Private Morrow VC
The first list of subscriptions to the fund to perpetuate the memory of the late Private Robert Morrow VC, 1st Battalion Royal Irish Fusiliers, appears in our advertising columns this morning, the amount acknowledged being over £70.
It may be recalled that the late Private Morrow, who belonged to Sessia, Newmills, County Tyrone, won the Victoria Cross for conspicuous gallantry at Messines on 12th April, 1915, and was killed in action thirteen days later.
A committee has been formed with the object of perpetuating the young hero’s memory by the erection of a suitable memorial in Newmills, and it is also intended to provide some increase of income for his widowed mother, who lives alone on a small farm and is practically dependant on her own exertions.
At an Emmet Commemoration in St Mary’s Hall, last evening – all the doors being guarded by men armed with rifles and bayonets, and the platform similarly protected – Commandant Pearse BA BL, of the Irish Volunteers, said in every generation except the generation that was growing old they renewed their fight against England, and when England thought she had trampled them down in blood or had purchased them with bribes some strong man arose and redeemed them by his sacrifice.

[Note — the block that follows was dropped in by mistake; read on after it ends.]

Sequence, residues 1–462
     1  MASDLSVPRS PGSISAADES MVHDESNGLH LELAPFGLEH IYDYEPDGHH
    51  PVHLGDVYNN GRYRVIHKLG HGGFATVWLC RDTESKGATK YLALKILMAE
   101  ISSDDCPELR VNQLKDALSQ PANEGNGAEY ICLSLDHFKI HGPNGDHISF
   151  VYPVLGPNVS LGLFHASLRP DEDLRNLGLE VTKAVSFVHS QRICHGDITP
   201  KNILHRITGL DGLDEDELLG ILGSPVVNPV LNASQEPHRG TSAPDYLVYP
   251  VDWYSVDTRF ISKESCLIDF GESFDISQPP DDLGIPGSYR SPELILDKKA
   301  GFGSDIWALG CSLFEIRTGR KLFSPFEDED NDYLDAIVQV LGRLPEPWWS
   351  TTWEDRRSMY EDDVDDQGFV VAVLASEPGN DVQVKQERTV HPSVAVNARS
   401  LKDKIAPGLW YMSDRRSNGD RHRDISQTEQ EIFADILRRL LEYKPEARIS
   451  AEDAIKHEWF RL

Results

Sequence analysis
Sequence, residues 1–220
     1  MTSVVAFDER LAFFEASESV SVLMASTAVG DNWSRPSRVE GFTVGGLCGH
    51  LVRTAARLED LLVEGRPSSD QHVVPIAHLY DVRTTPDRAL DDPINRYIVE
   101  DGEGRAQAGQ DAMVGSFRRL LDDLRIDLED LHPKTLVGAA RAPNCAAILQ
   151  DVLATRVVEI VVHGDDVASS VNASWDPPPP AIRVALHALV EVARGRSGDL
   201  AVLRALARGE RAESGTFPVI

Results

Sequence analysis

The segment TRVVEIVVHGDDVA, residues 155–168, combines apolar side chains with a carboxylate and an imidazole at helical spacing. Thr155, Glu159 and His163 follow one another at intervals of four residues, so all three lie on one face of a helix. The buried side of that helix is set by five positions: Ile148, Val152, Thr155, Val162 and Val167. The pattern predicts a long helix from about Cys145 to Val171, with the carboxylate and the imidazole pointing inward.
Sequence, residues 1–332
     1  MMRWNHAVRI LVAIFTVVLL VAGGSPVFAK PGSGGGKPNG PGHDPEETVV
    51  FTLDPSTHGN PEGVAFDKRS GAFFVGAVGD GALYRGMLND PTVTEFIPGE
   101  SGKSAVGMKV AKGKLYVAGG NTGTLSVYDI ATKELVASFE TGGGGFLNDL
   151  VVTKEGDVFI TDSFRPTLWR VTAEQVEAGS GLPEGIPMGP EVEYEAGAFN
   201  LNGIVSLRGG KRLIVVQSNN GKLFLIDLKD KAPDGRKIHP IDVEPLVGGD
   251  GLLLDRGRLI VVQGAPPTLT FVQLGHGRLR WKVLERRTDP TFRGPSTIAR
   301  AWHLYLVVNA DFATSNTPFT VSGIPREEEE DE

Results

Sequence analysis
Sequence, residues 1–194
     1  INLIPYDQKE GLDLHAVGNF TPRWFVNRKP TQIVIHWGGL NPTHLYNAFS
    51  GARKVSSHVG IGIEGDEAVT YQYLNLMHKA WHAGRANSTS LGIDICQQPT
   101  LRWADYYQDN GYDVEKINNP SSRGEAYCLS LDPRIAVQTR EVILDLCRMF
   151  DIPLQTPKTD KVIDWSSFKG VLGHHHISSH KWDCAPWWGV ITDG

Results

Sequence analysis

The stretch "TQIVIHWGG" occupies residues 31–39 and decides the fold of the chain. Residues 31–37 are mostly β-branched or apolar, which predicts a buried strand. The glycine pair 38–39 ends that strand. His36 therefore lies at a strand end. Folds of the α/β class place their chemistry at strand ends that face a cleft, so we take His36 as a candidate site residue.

Ireland’s demand all through the centuries had been freedom, and there was only one sort of freedom, which was not to be found on the Statute book of a nation’s enemies, but on the books of a nation’s fathers.